Venture philanthropy originated in the mid-1990s in the United States and began spreading through Europe around 2002. It is largely modeled after venture capitalism, in which professional investors use third-party funds to help startup businesses get off their feet.
In a similar way, venture philanthropists use their influence and skills to provide charities or socially minded enterprises with financial and non-financial aid. Venture philanthropy is often undertaken by organizations, which lend support to anywhere from 3 to 15 charities or socially conscious businesses. Individuals, families, and institutions usually provide the organizations’ funds.
The venture philanthropy movement originally began as an alternative to traditional philanthropy, in which high-quality nonprofits are given capital and room to work as they see fit.
Meanwhile, venture philanthropists are much more highly involved. Beyond just donating significant amounts of money, they may hold positions as board members or offer skills-based donations, such as business planning or executive coaching.
According to a 2004 report by Venture Philanthropy Partners, small and local nonprofits often lack the support they need. They can, therefore, be significantly helped by venture philanthropy, which provides long-term financial support, strategic advice, and helpful professional connections.
Depending on the goal of the philanthropy, and the types of organizations supported, venture philanthropists often choose to give in different ways. While some organizations dole out non-returnable grants seen as investments with only social returns, others use various types of loans to help charities or social enterprises get started and continually grow. Once these loans are repaid, the money is reinvested in another organization or startup company.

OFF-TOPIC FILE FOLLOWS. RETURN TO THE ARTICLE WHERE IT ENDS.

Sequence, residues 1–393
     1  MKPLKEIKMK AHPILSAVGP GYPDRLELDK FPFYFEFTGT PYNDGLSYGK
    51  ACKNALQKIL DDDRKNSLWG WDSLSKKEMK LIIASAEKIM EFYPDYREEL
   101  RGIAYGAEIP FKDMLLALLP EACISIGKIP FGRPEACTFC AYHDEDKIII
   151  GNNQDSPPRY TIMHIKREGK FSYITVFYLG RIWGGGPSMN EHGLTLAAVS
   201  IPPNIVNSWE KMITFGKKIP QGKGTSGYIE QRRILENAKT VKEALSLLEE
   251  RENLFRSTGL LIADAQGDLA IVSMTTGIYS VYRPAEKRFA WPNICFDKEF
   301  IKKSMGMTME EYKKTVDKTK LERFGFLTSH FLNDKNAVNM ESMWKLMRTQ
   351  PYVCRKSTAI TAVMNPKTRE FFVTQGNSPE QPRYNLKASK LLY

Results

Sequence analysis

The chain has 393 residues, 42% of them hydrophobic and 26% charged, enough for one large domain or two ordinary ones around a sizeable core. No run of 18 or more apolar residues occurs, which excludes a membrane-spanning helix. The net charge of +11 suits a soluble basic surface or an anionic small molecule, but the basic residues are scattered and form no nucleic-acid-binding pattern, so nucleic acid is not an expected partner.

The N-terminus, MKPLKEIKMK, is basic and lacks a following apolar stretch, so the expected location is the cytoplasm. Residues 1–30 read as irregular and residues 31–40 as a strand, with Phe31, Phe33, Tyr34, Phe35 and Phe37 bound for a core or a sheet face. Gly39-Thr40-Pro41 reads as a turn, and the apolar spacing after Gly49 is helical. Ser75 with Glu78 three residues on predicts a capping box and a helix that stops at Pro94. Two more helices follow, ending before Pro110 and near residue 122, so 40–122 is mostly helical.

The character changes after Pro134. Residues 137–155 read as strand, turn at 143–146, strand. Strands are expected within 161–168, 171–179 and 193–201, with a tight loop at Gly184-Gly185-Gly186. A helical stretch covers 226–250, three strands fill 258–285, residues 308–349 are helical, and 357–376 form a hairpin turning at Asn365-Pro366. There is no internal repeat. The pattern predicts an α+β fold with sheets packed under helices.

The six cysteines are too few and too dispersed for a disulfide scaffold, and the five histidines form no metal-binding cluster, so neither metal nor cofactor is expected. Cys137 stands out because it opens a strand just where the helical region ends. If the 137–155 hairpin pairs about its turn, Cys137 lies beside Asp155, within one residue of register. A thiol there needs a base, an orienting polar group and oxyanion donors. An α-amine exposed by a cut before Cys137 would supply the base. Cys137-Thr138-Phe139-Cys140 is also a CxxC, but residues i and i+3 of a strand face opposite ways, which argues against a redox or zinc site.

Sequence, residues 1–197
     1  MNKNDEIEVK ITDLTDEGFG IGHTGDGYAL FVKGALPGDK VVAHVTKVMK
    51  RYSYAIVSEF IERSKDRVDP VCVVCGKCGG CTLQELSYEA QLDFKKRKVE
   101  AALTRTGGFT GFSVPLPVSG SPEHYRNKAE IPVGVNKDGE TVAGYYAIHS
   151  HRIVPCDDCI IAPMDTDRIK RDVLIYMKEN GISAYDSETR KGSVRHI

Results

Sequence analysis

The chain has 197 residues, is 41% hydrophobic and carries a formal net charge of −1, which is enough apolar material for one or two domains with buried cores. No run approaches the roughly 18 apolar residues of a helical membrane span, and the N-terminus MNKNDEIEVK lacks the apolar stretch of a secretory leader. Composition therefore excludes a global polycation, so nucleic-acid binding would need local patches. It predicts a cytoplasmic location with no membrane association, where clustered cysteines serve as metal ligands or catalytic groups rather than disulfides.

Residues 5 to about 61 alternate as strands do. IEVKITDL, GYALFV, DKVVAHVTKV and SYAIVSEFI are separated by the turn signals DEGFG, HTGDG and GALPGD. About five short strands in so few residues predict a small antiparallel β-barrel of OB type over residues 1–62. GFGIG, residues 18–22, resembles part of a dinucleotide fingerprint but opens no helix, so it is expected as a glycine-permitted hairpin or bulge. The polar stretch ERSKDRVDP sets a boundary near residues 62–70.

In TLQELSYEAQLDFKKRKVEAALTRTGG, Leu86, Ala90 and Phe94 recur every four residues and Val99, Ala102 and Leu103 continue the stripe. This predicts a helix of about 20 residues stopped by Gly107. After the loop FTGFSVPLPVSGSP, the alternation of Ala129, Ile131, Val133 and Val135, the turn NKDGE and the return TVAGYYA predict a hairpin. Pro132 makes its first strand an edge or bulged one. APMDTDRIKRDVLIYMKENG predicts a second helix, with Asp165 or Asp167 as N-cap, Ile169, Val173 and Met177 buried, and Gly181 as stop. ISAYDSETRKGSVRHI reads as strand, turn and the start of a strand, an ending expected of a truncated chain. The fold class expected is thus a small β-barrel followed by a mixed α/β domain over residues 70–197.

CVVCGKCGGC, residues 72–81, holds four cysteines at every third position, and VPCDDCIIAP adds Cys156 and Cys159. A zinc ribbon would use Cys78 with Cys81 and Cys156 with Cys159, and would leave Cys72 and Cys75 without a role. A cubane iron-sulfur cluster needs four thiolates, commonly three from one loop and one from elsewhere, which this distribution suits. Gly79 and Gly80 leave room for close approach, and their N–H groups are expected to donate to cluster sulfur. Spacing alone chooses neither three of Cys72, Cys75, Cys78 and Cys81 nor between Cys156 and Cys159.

Venture philanthropists also generally commit to multi-year support at a substantial level, with the goal of financial independence once funding ceases. Additionally, venture philanthropists aim to improve the long-term viability of their investees by funding core operating expenses, rather than individual projects or programs.
Finally, venture philanthropists highly emphasize results and good business practices. They generally hold their recipients to high accountability and management standards, and expect goals to be achieved. This highlighting of measurable outcomes is one of the more obvious similarities between venture philanthropy and venture capitalism.
Venture philanthropy allows donors to become highly invested while working with charities and social entrepreneurs. It also provides many organizations, especially small and local ones, with the long-term and varied assistance they need.
By providing an alternative to hands-off donations, venture philanthropy encourages people to actively change the world around them. It has possibly even substantially widened the range of people becoming philanthropists by appealing to a field of entrepreneurs whose experience and expertise can be valuable assets to charities and socially conscious startup businesses.
Venture philanthropy offers a unique and very often successful approach to improving our society and the world, and should therefore enjoy continued support.